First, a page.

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Benchmarking Kafka vs Akka Brokerless Pub/Sub

Patrik Nordwall Akka Tech Lead, Lightbend, Inc.
Shishir Lamichhane Senior Solution Architect, Lightbend, Inc.

With the release of 22.10 and specifically Akka Projections 1.3.0 we introduced a Brokerless Pub/Sub over gRPC. When we benchmarked it against Kafka we were very happy with the results seeing great reductions in latency.

Methodology

The Hardware

We run this benchmark on typical cloud hardware, in this case in a GKE cluster in google cloud. We provision the hardware in advance and clear the database / message broker between runs.

  • App Servers ( 8 x node GKE n2-standard-4 k8s cluster)
    • 4 x producer pods with requested memory 2Gi, cpu 3500m
    • 4 x consumer pods with requested memory 2Gi, cpu 3500m
  • Database
    • Google CloudSQL Database: Postgres 14.4 (8 vCPU, 52 GB memory)
  • Message Broker
    • Confluent Cloud Kafka, free tier, topic with 32 partitions, 3 replicas single zone, on the same gcp region as database and app servers

The Software

We are using the latest version of Akka and a custom application for calculating the benchmark.

The Procedure

We run the software in 2 passes; Kafka and Akka’s Brokerless. We ignore the first messages until the liveness of both producer and consumer and we want to benchmark stable operation.

For the Kafka pass:

  1. We use the same producer and consumer applications for testing both scenarios but change the mode by overriding some configuration properties with the environment variable JAVA_TOOL_OPTIONS. Kafka is enabled by -Dshopping-cart-service.kafka.enabled=on.
  2. Create Postgres tables by executing ddl-scripts/create_tables.sql
  3. Kafka broker connection information must be provided inside resources/kafka.conf
  4. Postgres connection details need to be provided inside resources/persistence.conf
  5. Run both the producer and consumer applications
  6. Log outputs contain the histogram percentiles of messages

For the Akka Brokerles pass:

  1. Update the container environment variable JAVA_TOOL_OPTIONS command line argument value to switch broker to 'off' -Dshopping-cart-service.kafka.enabled=off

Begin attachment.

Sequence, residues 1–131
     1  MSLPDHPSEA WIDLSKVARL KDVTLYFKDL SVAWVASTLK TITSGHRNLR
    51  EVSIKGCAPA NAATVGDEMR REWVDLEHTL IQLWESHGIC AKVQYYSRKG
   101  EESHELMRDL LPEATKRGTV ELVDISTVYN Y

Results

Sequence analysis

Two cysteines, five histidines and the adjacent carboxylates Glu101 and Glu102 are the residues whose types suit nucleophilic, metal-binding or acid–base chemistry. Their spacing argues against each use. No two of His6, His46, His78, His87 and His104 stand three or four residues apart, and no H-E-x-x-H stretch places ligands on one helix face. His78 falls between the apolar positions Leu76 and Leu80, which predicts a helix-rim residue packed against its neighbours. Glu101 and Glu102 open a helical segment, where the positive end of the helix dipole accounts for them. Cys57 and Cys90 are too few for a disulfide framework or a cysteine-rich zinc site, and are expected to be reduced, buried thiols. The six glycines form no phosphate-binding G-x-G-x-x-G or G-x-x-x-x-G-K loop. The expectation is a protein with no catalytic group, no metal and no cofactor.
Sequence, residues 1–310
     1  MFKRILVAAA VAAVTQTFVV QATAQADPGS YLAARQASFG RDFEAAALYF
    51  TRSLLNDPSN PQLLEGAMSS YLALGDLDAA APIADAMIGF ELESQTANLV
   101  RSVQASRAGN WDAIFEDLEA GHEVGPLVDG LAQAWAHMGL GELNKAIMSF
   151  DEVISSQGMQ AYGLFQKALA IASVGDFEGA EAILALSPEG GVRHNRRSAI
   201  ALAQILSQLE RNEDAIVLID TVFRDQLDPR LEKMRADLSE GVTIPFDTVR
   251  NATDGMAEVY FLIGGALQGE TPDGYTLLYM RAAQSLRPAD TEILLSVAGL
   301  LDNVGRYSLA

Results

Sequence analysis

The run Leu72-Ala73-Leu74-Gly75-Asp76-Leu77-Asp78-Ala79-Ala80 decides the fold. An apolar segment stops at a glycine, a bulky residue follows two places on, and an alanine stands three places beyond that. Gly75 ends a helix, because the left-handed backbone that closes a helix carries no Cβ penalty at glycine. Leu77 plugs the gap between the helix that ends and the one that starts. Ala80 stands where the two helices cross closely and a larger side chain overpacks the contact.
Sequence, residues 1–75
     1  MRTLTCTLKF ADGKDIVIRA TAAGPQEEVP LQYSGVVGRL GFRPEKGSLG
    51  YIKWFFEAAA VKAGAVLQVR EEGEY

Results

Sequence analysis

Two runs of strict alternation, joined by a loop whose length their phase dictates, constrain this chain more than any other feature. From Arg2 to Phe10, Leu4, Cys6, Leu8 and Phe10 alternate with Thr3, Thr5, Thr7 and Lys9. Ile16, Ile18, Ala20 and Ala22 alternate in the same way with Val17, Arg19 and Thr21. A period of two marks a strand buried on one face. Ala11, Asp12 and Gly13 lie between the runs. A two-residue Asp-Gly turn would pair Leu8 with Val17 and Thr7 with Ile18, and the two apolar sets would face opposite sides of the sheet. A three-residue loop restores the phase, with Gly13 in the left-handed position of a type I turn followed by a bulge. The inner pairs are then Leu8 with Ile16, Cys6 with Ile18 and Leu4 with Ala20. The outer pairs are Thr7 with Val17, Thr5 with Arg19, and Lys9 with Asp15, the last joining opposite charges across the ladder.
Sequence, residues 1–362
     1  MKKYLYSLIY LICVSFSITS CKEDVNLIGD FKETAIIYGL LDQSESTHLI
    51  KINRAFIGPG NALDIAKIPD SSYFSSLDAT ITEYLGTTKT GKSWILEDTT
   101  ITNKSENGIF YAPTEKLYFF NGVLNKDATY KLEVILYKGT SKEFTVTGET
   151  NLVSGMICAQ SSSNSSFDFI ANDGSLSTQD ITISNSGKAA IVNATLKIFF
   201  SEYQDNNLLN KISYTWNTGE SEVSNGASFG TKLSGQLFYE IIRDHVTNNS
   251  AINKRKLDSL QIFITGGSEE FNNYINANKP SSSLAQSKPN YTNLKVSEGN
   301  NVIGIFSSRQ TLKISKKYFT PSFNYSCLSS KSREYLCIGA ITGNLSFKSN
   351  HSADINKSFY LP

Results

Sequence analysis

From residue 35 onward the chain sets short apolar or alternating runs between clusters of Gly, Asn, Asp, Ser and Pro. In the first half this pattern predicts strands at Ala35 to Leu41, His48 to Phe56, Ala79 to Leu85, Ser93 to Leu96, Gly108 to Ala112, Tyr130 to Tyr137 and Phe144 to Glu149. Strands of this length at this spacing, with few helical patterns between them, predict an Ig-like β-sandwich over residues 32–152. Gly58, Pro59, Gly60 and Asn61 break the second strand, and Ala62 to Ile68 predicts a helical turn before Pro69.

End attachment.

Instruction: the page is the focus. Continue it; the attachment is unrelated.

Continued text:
2. Kafka broker connection configuration is not required in this case since. This can be left as it is.
  3. Rest of the steps is same as above (from step 5)

Benchmark Findings

Max sustained throughput

Consumer lag (end-to-end latency) should be stable below a few seconds and not increase.

8 pods producer service (shopping-cart-service)
4 pods consumer service (shopping-analytics-service)

Kafka parameters:


-Dshopping-cart-service.kafka.enabled=on
-Dakka.kafka.producer.kafka-clients.linger.ms=200
-Dakka.persistence.r2dbc.journal.publish-events=off
-Dshopping-cart-service.simulator-count=100
-Dshopping-cart-service.simulator-delay=100ms

Akka Brokerless parameters:


-Dshopping-cart-service.kafka.enabled=off
-Dakka.persistence.r2dbc.journal.publish-events=off
-Dshopping-cart-service.simulator-count=100
-Dshopping-cart-service.simulator-delay=100ms

This generated a stable load of 16,000 events/s. For both Kafka and Akka Brokerless the consumer lag (end-to-end latency) was below a few seconds and didn’t increase. The bottleneck was writing the events to the database on the producer side. CPU utilization of the database was close to 100%.

Throughput was measured by counting rows inserted into the event_journal table during a period of 60 seconds.

Latency

4 pods producer service (shopping-cart-service)
4 pods consumer service (shopping-cart-service)

Kafka parameters:


-Dshopping-cart-service.kafka.enabled=on
-Dakka.kafka.producer.kafka-clients.linger.ms=0
-Dakka.persistence.r2dbc.journal.publish-events=on
-Dshopping-cart-service.simulator-count=8
-Dshopping-cart-service.simulator-delay=200ms

Akka Brokerless parameters:


-Dshopping-cart-service.kafka.enabled=off
-Dakka.persistence.r2dbc.journal.publish-events=on
-Dshopping-cart-service.simulator-count=8
-Dshopping-cart-service.simulator-delay=200m

This configuration generated a stable load of 940 events/s with the following latency distribution.

View the results in the repo here.

Consumer lag (end-to-end latency) was measured by the difference between the timestamp when the consumer processed the event and the timestamp when the producer wrote the event. Note that this is comparing wall clock timestamps on different machines so clock skew may have introduced measurement errors, but it is assumed that clocks are fairly well synchronized in this Google Cloud GKE environment.

Consumer lag percentiles were collected with HdrHistogram over 3 minutes.

Conclusions

In our throughput tests we found that both Kafka and Akka Brokerless had great results and showed that the bottleneck was the database in both cases, however, latency results showed that Akka Brokerless Pub/Sub connections is vastly superior.

We use benchmarks as a way of validating ideas and looking for potential undiscovered issues under load. We want to avoid benchmarking to improve performance under very specific scenarios as this can lead to optimization fallacies. This test for example only validates one size of message and we may see changes for tiny and large messages.

We also find benchmarks to be a useful tool for development. In developing this benchmark we were able to diagnose and repair issues in an early version of this software. It enabled us to validate our hypothesis that latency would be positively affected by this change and we were able to verify the benefit of this feature both in overhead saving and performance gains. We are pleased with this result and it helps pave the way for more Akka features that will allow you to ensure your data is where it needs to be when it needs to be there.

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